<img height="1" width="1" style="display:none;" alt="" src="https://dc.ads.linkedin.com/collect/?pid=554452&amp;fmt=gif">

Elections and the importance of stories

Posted by Simon Walker on 02/10/2017 12:00:00 AM

In Storytelling

And some advice for party leaders.

Policy doesn’t really matter.

We’re about 5 weeks from going to the polls in New Zealand to elect either a fourth term National government (with too much experience) or a first term Labour government (without any experience).

The one constant in these conversations is our old mate Winston Peters – the champion of the people. Winnie has been around for years, but he’s got one thing down pat that the other political contenders are struggling to get to grips with.

It’s why he’s the most likely person to be in government in six weeks, regardless of the result of the election.

What is it?

The ability to tell a story.

This is why policy doesn’t really matter.

For as long as I can remember, politics has been about telling the electorate what you’re going to do. Every single campaign glosses over what people care about – the why.

Purpose is really important, so why do political parties ignore it?

Because standing for nothing means you can stand for anything, and that means you can pivot to whatever the electorate wants.

This has some major problems. Every brand has to stand for something, and the most successful brands are beginning to tell compelling stories on digital channels.

It’s about time for our political parties to wake up and realise that the best way to connect with voters is to tell a compelling story.

Winnie does it well – it’s in the name of the party. New Zealand First – it’s point one of the NZ First 15 fundamental principles (15 is about 10 too many but you’ve gotta start somewhere right).

You might love him or hate him, agree with him or disagree with him, but you can’t deny that the New Zealand First story effectively engages his target audience.

That’s why he’s the most likely person to be in government come the end of September.

So, what should our contenders and pretenders do to tell some compelling stories and win an election?

Bill English – National

Bill has a bit of a problem. Kelvin Davis was right when he pointed out that he isn’t the most charismatic guy (generous paraphrasing).

He’s also trotting out a message that isn’t that inspiring – steady hands, steady growth, steady future – and doesn’t have the showmanship to sell it like his old boss did.

But changing leaders isn’t practical, and improving charisma isn’t that likely – reference the pizza incident and walk-run-walk…

Our advice for Bill & National: Focus on the future. Instead of worrying about the steadiness of the present or attacking your opposition, show you have a vision for the future, and tie your experience back to being the way to get there.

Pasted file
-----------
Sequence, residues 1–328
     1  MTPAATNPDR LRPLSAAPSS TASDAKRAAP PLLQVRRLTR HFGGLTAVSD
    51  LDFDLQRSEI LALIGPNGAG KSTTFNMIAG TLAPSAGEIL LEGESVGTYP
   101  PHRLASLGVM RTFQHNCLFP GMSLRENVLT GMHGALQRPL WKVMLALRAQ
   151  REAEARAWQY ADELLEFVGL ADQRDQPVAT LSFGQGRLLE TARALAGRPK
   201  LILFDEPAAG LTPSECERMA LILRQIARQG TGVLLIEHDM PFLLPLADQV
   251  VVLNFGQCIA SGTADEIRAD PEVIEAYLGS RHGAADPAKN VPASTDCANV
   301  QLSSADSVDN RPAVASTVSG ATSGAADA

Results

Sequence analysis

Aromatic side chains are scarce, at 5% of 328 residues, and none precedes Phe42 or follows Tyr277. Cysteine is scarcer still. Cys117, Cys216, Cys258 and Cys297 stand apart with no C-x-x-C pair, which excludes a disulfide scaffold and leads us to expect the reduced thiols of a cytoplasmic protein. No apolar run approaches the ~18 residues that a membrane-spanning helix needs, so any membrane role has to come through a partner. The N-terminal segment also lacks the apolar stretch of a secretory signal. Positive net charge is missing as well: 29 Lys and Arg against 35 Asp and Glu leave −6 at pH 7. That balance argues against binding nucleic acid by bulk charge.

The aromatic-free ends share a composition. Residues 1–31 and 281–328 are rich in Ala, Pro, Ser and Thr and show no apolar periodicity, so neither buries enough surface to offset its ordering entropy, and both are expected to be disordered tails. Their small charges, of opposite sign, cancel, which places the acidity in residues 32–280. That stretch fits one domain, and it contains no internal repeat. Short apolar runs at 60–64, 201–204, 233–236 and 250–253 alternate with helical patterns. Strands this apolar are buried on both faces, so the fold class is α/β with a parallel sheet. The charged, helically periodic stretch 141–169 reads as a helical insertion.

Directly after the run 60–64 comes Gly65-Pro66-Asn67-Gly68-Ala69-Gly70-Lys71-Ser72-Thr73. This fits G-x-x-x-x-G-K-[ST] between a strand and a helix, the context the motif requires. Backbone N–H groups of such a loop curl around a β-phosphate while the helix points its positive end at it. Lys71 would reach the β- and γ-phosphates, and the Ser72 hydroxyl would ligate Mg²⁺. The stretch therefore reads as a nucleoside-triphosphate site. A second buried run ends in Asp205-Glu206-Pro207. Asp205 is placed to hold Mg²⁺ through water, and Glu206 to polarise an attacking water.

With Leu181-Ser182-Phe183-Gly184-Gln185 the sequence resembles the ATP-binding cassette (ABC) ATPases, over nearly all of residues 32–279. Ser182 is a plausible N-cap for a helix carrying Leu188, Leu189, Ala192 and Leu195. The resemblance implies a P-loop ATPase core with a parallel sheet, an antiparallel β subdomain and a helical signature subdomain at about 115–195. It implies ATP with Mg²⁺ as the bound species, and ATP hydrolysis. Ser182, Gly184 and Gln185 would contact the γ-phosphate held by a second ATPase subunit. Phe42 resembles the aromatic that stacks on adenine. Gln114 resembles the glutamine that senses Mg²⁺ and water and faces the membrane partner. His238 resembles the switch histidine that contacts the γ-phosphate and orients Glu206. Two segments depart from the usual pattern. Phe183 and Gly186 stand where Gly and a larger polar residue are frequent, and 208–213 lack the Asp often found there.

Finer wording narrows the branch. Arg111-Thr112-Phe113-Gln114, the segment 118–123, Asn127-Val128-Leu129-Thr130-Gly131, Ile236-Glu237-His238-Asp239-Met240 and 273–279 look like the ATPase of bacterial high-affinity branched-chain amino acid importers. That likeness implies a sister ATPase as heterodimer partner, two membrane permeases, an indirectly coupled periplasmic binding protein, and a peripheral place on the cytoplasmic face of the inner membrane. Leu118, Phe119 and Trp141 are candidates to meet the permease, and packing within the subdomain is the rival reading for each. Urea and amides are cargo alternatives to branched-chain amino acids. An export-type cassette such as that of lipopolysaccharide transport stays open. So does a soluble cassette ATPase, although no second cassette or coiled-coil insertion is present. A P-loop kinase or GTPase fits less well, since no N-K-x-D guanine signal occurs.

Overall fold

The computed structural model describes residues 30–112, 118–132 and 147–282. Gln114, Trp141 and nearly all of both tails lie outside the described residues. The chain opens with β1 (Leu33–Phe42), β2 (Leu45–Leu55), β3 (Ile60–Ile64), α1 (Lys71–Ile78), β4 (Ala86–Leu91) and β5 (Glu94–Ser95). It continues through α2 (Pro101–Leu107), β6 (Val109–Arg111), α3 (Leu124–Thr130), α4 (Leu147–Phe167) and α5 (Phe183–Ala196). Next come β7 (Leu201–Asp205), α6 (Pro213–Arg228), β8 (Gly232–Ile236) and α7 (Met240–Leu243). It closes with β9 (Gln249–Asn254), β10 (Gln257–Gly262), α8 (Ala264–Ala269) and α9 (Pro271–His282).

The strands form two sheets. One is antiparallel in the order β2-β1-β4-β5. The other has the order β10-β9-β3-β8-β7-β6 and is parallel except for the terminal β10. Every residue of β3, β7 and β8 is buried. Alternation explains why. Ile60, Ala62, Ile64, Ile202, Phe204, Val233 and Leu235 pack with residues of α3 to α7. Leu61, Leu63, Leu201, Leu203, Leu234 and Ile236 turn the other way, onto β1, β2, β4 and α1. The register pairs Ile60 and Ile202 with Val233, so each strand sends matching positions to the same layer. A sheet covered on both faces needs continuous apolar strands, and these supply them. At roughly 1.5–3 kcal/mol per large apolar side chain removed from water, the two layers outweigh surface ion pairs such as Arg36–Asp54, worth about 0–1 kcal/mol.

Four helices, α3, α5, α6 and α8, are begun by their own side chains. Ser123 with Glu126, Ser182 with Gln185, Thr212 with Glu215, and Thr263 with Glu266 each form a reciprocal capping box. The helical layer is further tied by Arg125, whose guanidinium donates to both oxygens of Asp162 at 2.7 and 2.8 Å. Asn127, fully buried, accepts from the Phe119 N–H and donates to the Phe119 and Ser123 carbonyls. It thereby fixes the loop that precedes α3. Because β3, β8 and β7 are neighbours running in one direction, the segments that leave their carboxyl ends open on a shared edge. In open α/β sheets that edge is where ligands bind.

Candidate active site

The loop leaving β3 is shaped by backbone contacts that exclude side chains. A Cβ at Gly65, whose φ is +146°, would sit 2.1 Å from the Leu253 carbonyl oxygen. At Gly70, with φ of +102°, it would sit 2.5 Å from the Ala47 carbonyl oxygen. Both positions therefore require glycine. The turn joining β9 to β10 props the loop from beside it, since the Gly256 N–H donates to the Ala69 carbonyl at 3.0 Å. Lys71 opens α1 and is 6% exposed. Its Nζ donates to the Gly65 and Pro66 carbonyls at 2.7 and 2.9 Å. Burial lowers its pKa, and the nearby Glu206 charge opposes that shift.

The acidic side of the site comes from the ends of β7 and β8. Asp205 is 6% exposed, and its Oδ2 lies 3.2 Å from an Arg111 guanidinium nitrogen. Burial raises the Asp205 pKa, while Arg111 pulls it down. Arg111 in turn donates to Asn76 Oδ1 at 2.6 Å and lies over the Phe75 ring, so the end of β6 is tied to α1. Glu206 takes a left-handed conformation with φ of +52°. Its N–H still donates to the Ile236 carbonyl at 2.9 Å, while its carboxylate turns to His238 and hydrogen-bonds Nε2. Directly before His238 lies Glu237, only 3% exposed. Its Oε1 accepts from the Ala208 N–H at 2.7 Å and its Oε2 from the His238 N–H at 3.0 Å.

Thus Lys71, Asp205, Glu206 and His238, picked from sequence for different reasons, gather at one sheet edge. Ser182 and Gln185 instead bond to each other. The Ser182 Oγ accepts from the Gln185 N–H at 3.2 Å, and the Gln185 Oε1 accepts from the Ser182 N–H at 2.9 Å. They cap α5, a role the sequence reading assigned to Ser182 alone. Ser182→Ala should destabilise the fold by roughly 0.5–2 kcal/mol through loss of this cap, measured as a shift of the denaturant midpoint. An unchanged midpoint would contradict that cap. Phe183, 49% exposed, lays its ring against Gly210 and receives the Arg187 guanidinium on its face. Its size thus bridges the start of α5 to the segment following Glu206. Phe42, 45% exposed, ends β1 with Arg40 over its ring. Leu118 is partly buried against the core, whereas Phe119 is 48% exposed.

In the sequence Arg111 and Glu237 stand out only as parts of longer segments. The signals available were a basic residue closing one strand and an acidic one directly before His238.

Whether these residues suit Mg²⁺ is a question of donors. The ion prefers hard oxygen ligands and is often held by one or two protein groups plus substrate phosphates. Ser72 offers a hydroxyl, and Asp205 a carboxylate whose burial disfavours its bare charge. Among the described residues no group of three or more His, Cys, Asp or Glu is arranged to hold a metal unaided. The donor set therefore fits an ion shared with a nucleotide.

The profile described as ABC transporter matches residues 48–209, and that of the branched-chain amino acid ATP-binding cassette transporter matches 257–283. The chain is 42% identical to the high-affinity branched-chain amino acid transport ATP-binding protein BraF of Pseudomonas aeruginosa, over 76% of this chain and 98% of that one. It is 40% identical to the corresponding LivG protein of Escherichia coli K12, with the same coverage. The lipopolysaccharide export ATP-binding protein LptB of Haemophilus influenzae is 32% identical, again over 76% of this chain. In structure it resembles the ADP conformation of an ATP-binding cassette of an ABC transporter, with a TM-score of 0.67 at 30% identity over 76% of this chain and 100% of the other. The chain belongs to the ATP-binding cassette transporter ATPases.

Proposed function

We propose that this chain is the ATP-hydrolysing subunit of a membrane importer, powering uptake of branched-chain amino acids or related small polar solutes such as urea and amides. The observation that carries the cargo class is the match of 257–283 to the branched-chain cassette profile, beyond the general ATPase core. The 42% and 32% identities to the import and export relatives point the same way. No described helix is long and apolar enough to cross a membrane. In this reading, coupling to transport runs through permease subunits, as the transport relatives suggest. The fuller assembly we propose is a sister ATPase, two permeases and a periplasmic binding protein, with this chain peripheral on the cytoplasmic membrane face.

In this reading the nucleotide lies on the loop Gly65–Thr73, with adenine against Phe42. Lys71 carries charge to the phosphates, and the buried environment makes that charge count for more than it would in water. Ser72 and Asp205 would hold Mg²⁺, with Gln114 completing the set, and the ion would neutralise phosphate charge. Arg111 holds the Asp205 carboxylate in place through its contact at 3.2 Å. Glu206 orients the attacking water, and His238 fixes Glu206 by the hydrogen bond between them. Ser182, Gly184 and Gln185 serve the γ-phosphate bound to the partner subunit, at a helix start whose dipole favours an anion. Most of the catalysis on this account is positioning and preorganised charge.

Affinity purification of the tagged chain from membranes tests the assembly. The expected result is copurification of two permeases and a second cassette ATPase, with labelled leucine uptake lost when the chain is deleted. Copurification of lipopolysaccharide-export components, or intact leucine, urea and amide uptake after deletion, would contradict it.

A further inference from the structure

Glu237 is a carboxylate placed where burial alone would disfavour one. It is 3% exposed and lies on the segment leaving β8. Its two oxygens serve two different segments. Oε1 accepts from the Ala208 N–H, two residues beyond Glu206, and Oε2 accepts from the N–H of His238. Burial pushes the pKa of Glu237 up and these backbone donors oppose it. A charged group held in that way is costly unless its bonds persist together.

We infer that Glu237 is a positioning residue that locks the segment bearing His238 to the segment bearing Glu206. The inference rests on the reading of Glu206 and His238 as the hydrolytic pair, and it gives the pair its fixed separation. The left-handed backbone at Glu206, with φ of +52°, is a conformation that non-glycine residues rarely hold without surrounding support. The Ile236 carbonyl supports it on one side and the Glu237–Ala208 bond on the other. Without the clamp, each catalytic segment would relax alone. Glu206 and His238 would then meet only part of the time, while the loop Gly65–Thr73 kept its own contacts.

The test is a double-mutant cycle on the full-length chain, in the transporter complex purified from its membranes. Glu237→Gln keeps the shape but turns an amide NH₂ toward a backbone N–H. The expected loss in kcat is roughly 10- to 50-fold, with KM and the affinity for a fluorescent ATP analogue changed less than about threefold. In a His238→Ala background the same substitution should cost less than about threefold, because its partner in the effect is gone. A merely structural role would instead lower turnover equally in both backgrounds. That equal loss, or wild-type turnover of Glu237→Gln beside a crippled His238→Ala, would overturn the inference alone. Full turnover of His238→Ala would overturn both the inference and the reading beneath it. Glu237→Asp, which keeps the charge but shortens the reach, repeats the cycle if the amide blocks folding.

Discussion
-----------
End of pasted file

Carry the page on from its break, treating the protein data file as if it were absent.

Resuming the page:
Jacinda Ardern – Labour

Everyone knows about Jacindamania. She’s made one hell of an impression in her first three(!!) weeks as leader of the Labour Party, but she’s not quite there yet.

The story is there, the motivation is there, and the audience is there. But there’s a bit more that Labour can do.

Our advice for Jacinda & Labour: The story is everything. You have a chance to present a true change manifesto, and people want to listen. So stop talking about free driving lessons, because no-one cares. Focus on the big picture stuff that moves the dial.

Winston Peters – NZ First

Just keep on being Winston. And if we (or anyone) had any advice for Winston, would he actually listen anyway?

James Shaw – Green Party

Requiesca tem pace Metiria. Now Mr Shaw is the solo co-leader (however that works) of the Green Party, he’s got to find a way to connect with the party’s core ideals and base. Metiria Turei’s admissions of benefit fraud may have been her eventual downfall, but she held all the cards connecting with the Greens’ base. Before she lost control of it, Metiria was telling a story that really resonated - #IAmMetiria.

Our advice for James & ___ & the Green Party: Three stories. Tell them together – the poor, our cities and the environment. This is where the Green Party excels – focusing on issues people feel so strongly about that they’ll vote without worrying about the other stuff.

Plus, the young talent in the low single digits on the list (Chloe Swarbrick/Golriz Ghahraman/Hayley Holt etc) is too good not to get in. Jimmy – you owe it to them.

The Gareth Morgan Opportunities Party

The party with a chance to have the biggest impact on the election may end up being a bit of a non event. The policy is great, the messaging is (sometimes) on point, and the analysis is top class.

But data doesn’t have emotion. And you need emotion to tell stories.

Our advice for Gareth & TOP: Find some emotion. Find some compelling ways to communicate the great platform on a mass level. And engage with voters across the board – don’t rely on social media and some billboards to win the 5%...

Our advice for everyone else

Read this post.